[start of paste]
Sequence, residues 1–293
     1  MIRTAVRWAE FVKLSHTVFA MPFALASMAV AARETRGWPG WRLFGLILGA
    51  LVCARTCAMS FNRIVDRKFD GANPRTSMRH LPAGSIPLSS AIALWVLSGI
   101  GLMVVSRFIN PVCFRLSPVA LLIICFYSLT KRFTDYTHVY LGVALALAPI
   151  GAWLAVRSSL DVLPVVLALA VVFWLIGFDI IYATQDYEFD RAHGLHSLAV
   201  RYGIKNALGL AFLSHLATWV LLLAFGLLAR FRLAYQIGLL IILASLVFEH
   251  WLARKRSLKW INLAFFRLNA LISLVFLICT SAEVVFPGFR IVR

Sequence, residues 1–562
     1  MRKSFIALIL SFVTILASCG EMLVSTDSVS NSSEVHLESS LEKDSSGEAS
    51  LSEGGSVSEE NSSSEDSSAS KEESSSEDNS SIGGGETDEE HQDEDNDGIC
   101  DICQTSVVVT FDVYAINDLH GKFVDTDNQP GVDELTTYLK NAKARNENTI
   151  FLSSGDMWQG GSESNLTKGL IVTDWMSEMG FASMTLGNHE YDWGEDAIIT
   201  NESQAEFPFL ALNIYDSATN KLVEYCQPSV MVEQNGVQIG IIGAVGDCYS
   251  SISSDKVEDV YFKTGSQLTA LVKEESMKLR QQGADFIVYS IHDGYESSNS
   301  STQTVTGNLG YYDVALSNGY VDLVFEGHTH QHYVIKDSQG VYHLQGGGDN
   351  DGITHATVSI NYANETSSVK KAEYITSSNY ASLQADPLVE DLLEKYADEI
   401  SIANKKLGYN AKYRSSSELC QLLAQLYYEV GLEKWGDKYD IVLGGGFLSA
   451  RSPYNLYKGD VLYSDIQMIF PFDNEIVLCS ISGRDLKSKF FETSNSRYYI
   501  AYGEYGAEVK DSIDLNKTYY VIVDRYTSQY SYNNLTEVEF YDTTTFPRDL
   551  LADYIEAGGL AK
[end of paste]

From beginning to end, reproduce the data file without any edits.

Sequence, residues 1–293
     1  MIRTAVRWAE FVKLSHTVFA MPFALASMAV AARETRGWPG WRLFGLILGA
    51  LVCARTCAMS FNRIVDRKFD GANPRTSMRH LPAGSIPLSS AIALWVLSGI
   101  GLMVVSRFIN PVCFRLSPVA LLIICFYSLT KRFTDYTHVY LGVALALAPI
   151  GAWLAVRSSL DVLPVVLALA VVFWLIGFDI IYATQDYEFD RAHGLHSLAV
   201  RYGIKNALGL AFLSHLATWV LLLAFGLLAR FRLAYQIGLL IILASLVFEH
   251  WLARKRSLKW INLAFFRLNA LISLVFLICT SAEVVFPGFR IVR

Sequence, residues 1–562
     1  MRKSFIALIL SFVTILASCG EMLVSTDSVS NSSEVHLESS LEKDSSGEAS
    51  LSEGGSVSEE NSSSEDSSAS KEESSSEDNS SIGGGETDEE HQDEDNDGIC
   101  DICQTSVVVT FDVYAINDLH GKFVDTDNQP GVDELTTYLK NAKARNENTI
   151  FLSSGDMWQG GSESNLTKGL IVTDWMSEMG FASMTLGNHE YDWGEDAIIT
   201  NESQAEFPFL ALNIYDSATN KLVEYCQPSV MVEQNGVQIG IIGAVGDCYS
   251  SISSDKVEDV YFKTGSQLTA LVKEESMKLR QQGADFIVYS IHDGYESSNS
   301  STQTVTGNLG YYDVALSNGY VDLVFEGHTH QHYVIKDSQG VYHLQGGGDN
   351  DGITHATVSI NYANETSSVK KAEYITSSNY ASLQADPLVE DLLEKYADEI
   401  SIANKKLGYN AKYRSSSELC QLLAQLYYEV GLEKWGDKYD IVLGGGFLSA
   451  RSPYNLYKGD VLYSDIQMIF PFDNEIVLCS ISGRDLKSKF FETSNSRYYI
   501  AYGEYGAEVK DSIDLNKTYY VIVDRYTSQY SYNNLTEVEF YDTTTFPRDL
   551  LADYIEAGGL AK